It is certain that either you or someone you know has had a problem that has inevitably created unnecessary stress. I have often pondered on ways to eliminate some of the problems and stresses that we are plagued with each day. Lao Tzu in the Tao Te Chin said, “Knowing others is intelligence; knowing yourself is true wisdom. Mastering others is strength; mastering yourself is true power. ” Based on this, I was aware that if I was going to succeed in this stress-elimination process, I must know others and myself as well. I believe that I have achieved my goal.
I use logic to encourage people to recognize their responsibilities, to evaluate situations individually, and to make choices that remove unnecessary stress from their lives, all of which is based on a concept and incentive of not wasting time. Martha Washington said, “The greatest part of our happiness or misery depends on our disposition and not our circumstances. ” It is our decision whether or not to be happy. The obvious choice is easier to make if we recognize our responsibilities. We are responsible for what pertains to us as individuals. Anything outside of that area is not ours to accept.
For example, my responsibilities include completing school, keeping up my home, and having a good relationship with God, my husband, my children and myself. Our childhood is a factor that does not belong on our list of responsibilities. Realizing our faults and our childhood reasons for them is an ideal was of taking responsibility for and changing our attitudes and personalities. Someone that may disappoint or hurt us is another example. We are not responsible for the actions of others; however, we are responsible for how those actions affect us.
Someone once told my family and friends that I did not keep my house clean well enough to suit her standards. While this hurt my feelings immensely, I knew that despite having 3 babies, I kept a decent house. I ultimately decided that what someone else thought about me or mine was not on my list of responsibilities. We have so many responsibilities of our own that being hurt or disappointed by others and trying to figure out why is a waste of time. Those inconveniences belong to the person who causes us the stress.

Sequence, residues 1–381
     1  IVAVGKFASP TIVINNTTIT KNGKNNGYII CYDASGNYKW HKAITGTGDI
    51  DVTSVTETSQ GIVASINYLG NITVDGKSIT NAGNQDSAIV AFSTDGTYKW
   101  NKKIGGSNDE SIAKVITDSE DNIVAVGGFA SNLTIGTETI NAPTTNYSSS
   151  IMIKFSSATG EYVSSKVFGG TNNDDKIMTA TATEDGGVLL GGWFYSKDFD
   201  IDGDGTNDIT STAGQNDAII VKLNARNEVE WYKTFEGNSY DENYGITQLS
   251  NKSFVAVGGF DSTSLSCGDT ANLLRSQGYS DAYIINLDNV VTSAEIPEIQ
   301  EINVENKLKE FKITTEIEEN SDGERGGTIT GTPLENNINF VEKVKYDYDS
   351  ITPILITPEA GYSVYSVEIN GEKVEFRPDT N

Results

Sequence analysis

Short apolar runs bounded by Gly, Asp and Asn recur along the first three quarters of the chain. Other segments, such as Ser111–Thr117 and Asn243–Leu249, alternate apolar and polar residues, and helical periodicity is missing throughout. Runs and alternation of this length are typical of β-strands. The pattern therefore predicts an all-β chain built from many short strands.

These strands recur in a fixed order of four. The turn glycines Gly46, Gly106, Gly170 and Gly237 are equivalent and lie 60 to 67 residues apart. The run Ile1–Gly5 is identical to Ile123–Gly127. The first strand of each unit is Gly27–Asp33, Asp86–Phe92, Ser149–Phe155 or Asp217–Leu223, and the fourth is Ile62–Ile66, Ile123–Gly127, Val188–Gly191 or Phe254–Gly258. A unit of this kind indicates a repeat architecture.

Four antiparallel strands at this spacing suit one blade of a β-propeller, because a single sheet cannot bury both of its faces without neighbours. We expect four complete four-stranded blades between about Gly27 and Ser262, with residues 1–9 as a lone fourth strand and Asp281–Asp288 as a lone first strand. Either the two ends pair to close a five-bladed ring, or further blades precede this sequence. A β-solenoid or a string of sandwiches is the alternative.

To stray from our own personal responsibilities results in worry, confusion, and/or many other stressful emotions that waste our time. Voltaire said that “no problem can stand the assault of sustained thinking. ” I believe that sustained thinking of a problem involves first making sure that it belongs to us and second, breaking it down into simple truths. We must make sure that the problem is on our list of responsibilities, not someone else’s. Then, we must analyze the problem and distinguish facts from wishes. Facts are the “black and white” of a problem, and wishes are the “gray.
” Facts of a problem are what’s real, and only from the “black and white” can we evaluate a problem and control the outcome. Consider the situation mentioned earlier. The fact that my feelings were hurt applied to my responsibilities. The wish part in this situation would be, “I wish she hadn’t said that,” or “What if everyone believes her? ” The only part of this that I could control was how I felt about it, and allowing myself to be hurt and angry only wasted my time. Parts of a problem that we cannot control, such as “what if,” “he said,” and “she said,” are “gray” wishes and must be disposed.
Poor evaluation of a problem only wastes our time and inevitably leads us to make costly decisions. By knowing our responsibilities and how to sort and distinguish our problems, we can effectively make choices in our lives that will reduce stress rather than induce it. We must make choices that best suit our list of logical ones. To worry about what someone will think is not on our list therefore a waste of time. Our choices must make us happy, and we must be confident in our decisions. As I like to say, “Make your life’s decisions and choices based on what you would want your child to do.
” I would not want my child to be hurt by someone who had said that, nor would I want her stewing in anger. I would want her to know that choosing to even acknowledge the statement would not only be a waste of time but also display a lack of confidence in herself. If we make choices that are not suitable to us, the problem will only return and demand resolution, yet again resulting in wasted time. The most important thing to remember is that despite our faults, we all deserve happiness, and anyone who lives his or her life believing that will make good choices and should be commended.
This entire process is what I consider my forte. I have helped others apply it to their lives, and in return, they have helped me apply it to mine. It is a concept that is easier said than done, and it may not be for everyone. I have, however, seen it in successful action. A major incentive to apply this method is to look at our lives and see how much or how little of it has been wasted time. No matter what, do not get discouraged and always remember, “no matter how much time you’ve wasted in the past, you still have an entire tomorrow (Dennis Waitley). “